Social media platforms like Twitter can be utilised as a data source to find beliefs and attitudes that may impact on patient’s decisions regarding their statin treatment, to reduce the risk of heart attacks and stroke.
According to the researchers from University of York in collaboration with the University of Pennsylvania, social media feeds could lead to people changing their dosage depending on what they had or were about to eat.
Researchers focused on social media as a less intrusive way to find out more about people’s attitudes to statins – rather than talking directly to patients about their behaviour and reasons.
The team read and analysed more than 11,000 posts from Twitter where a statin was mentioned over a period of five years.
Many of the posts were identified as a statin user or as someone who knows a statin user, or a health professional.
Of the over 1,000 posts analysed which focused on beliefs around medication, 72 per cent of the opinions or beliefs referred to risk compensation behaviours in which patients engage in behaviours such as poor diet and physical inactivity, perceiving themselves to be “protected” or at lower risk by virtue of taking preventative medications.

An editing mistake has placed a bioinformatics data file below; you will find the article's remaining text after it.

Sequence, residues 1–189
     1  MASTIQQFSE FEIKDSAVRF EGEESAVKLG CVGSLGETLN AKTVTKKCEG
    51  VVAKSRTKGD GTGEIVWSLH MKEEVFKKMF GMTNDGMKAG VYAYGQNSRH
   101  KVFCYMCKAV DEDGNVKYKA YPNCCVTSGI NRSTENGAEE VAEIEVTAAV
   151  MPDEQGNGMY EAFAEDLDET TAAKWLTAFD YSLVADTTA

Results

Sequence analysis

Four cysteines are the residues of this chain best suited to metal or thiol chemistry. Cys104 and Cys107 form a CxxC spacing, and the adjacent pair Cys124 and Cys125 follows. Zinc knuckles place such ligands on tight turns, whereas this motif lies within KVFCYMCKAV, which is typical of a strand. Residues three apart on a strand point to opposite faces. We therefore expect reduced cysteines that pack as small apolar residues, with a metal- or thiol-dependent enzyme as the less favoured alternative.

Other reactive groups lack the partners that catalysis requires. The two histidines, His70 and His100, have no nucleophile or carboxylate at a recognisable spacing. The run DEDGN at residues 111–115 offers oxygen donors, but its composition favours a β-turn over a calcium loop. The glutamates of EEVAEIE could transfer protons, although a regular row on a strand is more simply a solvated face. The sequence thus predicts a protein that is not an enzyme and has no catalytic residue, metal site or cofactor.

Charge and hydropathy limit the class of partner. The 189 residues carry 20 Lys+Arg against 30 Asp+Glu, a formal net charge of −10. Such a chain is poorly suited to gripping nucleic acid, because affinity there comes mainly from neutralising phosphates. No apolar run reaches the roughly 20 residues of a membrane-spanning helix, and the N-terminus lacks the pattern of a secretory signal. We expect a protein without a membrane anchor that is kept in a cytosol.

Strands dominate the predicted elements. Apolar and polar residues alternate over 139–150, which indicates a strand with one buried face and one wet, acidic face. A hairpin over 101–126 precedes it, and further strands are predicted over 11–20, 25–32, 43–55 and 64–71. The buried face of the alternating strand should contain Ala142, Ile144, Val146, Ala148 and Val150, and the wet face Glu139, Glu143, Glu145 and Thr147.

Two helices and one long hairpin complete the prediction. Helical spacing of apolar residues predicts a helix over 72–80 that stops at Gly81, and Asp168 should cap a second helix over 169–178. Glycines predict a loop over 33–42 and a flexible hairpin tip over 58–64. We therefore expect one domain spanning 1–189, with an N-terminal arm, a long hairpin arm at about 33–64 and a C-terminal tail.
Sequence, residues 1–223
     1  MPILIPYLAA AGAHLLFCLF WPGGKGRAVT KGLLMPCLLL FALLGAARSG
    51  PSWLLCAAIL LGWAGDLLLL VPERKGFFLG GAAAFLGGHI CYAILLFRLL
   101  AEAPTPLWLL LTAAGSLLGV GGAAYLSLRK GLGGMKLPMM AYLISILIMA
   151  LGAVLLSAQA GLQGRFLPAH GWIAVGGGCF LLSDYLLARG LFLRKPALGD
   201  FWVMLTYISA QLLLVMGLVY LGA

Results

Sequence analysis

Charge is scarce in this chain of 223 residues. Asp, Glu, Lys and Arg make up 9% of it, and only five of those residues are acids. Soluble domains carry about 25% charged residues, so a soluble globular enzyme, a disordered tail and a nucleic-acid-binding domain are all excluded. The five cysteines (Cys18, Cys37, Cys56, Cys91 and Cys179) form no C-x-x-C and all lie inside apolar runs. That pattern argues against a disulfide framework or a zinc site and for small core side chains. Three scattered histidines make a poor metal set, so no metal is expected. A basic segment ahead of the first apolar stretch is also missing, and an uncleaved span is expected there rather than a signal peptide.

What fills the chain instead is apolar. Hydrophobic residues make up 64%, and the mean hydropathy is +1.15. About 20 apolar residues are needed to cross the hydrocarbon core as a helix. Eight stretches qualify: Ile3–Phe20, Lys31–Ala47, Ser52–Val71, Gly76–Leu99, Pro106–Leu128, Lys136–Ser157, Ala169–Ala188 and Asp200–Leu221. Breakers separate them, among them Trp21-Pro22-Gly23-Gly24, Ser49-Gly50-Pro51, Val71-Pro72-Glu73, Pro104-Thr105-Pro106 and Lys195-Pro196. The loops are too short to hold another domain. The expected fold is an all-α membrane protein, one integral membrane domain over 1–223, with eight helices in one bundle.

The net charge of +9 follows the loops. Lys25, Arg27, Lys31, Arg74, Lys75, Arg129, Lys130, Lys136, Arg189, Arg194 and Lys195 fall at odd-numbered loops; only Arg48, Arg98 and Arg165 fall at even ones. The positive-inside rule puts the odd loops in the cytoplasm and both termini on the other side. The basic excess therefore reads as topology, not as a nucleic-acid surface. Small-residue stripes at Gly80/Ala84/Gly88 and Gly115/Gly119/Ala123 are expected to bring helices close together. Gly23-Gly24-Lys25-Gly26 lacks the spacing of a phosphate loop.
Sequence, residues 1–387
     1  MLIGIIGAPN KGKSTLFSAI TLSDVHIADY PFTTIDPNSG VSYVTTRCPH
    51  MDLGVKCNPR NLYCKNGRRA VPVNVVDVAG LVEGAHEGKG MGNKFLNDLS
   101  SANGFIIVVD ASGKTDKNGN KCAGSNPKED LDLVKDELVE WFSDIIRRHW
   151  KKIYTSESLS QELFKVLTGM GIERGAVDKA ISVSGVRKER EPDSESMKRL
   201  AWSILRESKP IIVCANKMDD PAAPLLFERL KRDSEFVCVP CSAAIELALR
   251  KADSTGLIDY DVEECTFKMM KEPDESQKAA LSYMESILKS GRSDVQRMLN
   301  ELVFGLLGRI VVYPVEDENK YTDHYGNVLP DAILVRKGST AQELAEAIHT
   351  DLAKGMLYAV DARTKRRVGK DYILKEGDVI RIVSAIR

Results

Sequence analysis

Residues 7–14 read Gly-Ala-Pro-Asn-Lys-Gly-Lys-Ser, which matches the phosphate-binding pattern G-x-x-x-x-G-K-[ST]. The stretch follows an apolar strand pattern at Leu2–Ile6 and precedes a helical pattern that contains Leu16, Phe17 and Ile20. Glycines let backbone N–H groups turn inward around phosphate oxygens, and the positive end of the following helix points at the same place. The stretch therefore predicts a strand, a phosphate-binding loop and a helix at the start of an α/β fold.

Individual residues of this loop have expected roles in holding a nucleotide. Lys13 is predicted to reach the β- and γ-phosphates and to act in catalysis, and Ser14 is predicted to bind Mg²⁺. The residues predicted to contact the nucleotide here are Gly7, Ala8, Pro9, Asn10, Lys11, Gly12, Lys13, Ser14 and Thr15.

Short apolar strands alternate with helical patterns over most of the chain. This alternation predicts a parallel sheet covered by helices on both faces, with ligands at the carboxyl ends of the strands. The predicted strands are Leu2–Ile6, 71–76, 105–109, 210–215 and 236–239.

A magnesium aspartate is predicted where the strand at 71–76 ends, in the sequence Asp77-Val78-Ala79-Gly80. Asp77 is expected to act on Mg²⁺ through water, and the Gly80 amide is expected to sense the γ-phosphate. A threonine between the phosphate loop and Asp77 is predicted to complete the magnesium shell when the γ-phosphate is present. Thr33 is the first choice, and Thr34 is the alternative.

A further 11 per cent were in relation to the user’s own behaviour such as the freedom to eat an unhealthy diet.
One post read; “with Lipitor [type of statin] I eat as much bacon and cookies as I want” and others talked of increasing their dose of statins after unhealthy food.
Dr Su Golder from the Department of Health Sciences at University of York said: “Often in health surveys people when people are directly asked questions they will say what they think they “should” say and so this survey took a different approach by analysing publicly accessible sites where the subject of statins was being talked about freely”.
Some of the issues that came through were from people talking about their personal experiences, particularly muscle pain as being a key reason for stopping statins. There were also discussions about dosage, according to the research published in the journal JAMA Network Open.
“Posts indicated polarised beliefs and attitudes to statins from saving lives to causing death”.
The researchers said that Twitter may help inform research and improve public health messages and communication between health professionals and patients.